The proposed mega merger between Housing Development Finance Corp and HDFC Bank has triggered talk of consolidation within the non-banking financial company (NBFC) sector. Industry experts are of the view that in order to sustain on a long-term basis, non-banks, especially small and mid-sized ones, will look at the amalgamation route.
This is because the regulatory arbitrage that was available to NBFCs is nearly absent now after the Reserve Bank of India (RBI) tightened regulations on non-banks. With this, large NBFCs face regulations almost on a par with that of banks.
“RBI has brought about measures such as increased capital requirements for NBFCs, harmonised NPA (non-performing asset) norms with banks, and liquidity coverage ratio being introduced for NBFCs, among other actions,” Y.S. Chakravarti, MD and CEO at Shriram City Union Finance told Moneycontrol. ”In addition, size matters in the financial services space, and larger players expect to benefit from economies of scale and lower borrowing costs. I believe these have been the primary drivers for NBFC consolidation,” Chakravarti said.
Further, high cost of funds, increasing competition, asset quality pressures, competition to attract high-rated borrowers at low rates and lower spreads could be some reasons for consolidation, Chakravarti said.
This is not the first time that consolidation in the NBFC sector has been talked about. Lower-rated NBFCs have struggled accessing liquidity at cheaper rates since 2018 when the beleaguered Infrastructure Leasing & Financial Services (IL&FS) defaulted on debt repayment, triggering a slew of liquidity problems for the sector. The introduction of the goods and service tax, demonetisation and the pandemic only exacerbated such lenders’ liquidity woes, analysts said.
The IL&FS event proved that NBFCs are an integral part of India's financial system and the RBI, thus, has increased supervision of such entities. The central bank has grouped NBFCs into different categories based on their size and interconnectedness and has made capital norms stricter.
The bigger ones are grouped in the upper layer with tight supervision while stringent regulations will apply to the middle layer as well. The top layer is reserved for companies that are perceived to carry elevated risks akin to banks under the prompt corrective action (PCA) framework.
The regulator on November 12 also came out with a clarification on upgrading of assets that resulted in a rise in reported gross NPAs of most non-banks in Q3FY22.
The RBI’s regulatory actions raise the accountability bar for NBFCs, and also cut them less slack than they used to have.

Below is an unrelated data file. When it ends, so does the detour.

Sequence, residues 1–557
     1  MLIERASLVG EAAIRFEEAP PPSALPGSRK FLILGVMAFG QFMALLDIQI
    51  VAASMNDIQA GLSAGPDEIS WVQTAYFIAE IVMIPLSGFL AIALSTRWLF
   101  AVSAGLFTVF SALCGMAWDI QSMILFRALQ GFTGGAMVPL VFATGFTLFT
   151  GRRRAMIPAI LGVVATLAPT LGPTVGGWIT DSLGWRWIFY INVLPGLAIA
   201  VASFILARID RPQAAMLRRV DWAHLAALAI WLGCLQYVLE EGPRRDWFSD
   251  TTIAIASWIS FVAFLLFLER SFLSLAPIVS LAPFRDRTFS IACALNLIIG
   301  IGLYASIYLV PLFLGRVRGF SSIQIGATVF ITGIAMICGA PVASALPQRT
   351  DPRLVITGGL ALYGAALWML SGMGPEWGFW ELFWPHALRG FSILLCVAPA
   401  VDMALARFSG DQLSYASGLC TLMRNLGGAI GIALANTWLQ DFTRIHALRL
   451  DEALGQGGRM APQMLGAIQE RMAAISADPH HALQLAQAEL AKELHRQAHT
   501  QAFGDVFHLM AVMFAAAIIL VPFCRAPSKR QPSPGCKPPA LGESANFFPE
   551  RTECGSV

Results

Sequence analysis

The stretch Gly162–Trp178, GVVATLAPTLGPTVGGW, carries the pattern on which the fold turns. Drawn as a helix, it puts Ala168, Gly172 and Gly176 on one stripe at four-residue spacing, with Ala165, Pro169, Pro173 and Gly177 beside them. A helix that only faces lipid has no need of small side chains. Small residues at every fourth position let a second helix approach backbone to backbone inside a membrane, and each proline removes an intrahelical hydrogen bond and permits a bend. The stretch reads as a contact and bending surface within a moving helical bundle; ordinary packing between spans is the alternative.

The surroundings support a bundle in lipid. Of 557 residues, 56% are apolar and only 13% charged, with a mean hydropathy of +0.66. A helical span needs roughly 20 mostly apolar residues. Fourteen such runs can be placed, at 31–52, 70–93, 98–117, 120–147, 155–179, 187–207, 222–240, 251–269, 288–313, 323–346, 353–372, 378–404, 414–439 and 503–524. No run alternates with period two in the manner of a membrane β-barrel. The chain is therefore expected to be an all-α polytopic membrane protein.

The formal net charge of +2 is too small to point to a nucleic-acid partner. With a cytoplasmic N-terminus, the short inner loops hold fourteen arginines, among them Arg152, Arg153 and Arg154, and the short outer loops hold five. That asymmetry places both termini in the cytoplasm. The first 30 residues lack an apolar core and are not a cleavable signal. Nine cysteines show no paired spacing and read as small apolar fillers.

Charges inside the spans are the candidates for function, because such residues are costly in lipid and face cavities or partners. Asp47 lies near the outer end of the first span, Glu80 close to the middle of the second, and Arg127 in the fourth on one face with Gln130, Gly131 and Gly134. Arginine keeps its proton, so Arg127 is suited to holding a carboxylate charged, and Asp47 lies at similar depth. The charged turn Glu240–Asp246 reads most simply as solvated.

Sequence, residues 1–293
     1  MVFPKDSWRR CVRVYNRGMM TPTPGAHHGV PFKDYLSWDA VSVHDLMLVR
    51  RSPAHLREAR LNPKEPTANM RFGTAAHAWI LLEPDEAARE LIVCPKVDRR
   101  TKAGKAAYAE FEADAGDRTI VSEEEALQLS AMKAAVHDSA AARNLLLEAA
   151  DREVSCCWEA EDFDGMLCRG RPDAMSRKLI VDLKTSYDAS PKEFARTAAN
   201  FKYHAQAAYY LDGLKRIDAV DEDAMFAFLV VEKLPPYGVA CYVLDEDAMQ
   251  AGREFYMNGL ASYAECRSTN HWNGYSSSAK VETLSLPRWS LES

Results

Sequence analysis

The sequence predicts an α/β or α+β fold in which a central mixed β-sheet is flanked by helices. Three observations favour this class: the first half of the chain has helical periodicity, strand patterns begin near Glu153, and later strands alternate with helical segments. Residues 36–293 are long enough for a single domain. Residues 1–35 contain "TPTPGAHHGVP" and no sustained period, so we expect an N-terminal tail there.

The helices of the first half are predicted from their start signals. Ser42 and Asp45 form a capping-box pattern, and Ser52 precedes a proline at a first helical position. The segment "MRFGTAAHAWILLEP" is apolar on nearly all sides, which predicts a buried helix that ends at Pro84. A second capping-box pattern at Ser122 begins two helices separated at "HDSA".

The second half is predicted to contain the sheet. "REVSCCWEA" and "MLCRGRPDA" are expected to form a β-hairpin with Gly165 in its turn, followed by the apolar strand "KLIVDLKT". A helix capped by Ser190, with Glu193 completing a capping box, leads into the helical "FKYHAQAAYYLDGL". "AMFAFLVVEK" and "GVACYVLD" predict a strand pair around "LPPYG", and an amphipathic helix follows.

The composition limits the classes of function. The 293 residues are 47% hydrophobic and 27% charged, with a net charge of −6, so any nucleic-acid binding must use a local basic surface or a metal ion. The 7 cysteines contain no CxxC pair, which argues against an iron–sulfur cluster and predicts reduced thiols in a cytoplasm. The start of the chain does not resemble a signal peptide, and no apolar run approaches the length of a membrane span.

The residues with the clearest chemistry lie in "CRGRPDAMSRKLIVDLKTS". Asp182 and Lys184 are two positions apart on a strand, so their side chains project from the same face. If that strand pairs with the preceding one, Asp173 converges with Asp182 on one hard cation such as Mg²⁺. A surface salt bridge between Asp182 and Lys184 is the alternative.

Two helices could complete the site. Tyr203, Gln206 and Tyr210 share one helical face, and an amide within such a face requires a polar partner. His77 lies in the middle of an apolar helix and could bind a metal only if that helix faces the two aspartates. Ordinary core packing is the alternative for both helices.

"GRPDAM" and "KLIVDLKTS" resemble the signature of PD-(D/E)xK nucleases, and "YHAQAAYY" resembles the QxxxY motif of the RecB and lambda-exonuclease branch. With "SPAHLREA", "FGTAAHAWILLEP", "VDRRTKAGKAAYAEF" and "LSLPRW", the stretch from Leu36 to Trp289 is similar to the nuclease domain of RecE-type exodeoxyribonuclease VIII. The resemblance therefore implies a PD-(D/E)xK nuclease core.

“The harmonisation of some of the key regulatory requirements of NBFCs with that of banks has reduced the leeway which was available to NBFCs in the past. This along with other factors including improved synergies, product or geographical diversification, better shareholder value, access to liquidity or lower cost of funds are the key reasons for the large merger proposals which are in news over the recent past,” said A.M. Kartik, vice-president and sector head of financial sector ratings at ICRA.
Kartik says that in the case of small and mid-sized NBFCs, it is more about the viability, future growth plans and access to funding that is resulting in mergers with relatively larger NBFCs. Access to funding for NBFCs is going to be a key differentiator going forward, he said, as the sector is highly reliant on the banking sector at present.
Bank’s exposure to the NBFC sector is quite high and near their internal sectoral limits, Kartik added. Incremental funding to NBFCs would be partly dependent on the banking sector’s own growth rate going forward.
“One could expect consolidation or M&A activity more amongst the mid-sized NBFCs with other similar-sized ones or larger entities, including banks, for achieving higher growth and/or for product /geographical diversification,” he said.
Jinay Gala, associate director at India Ratings & Research, says the merger of HDFC and HDFC Bank will likely be used as a test case for all upcoming large-ticket mergers in the NBFC sector.
While there is a possibility of small NBFCs merging with bigger ones to gain scale and associated benefits, NBFCs may also look at acquiring fintechs to upgrade and scale their existing technology infrastructure.“We foresee that there could be an increase in consolidation in the non-bank sector to avail benefits of a larger franchise, larger product basket and a larger reach so that they could remain competitive to other lenders like banks and small finance banks,” Gala said.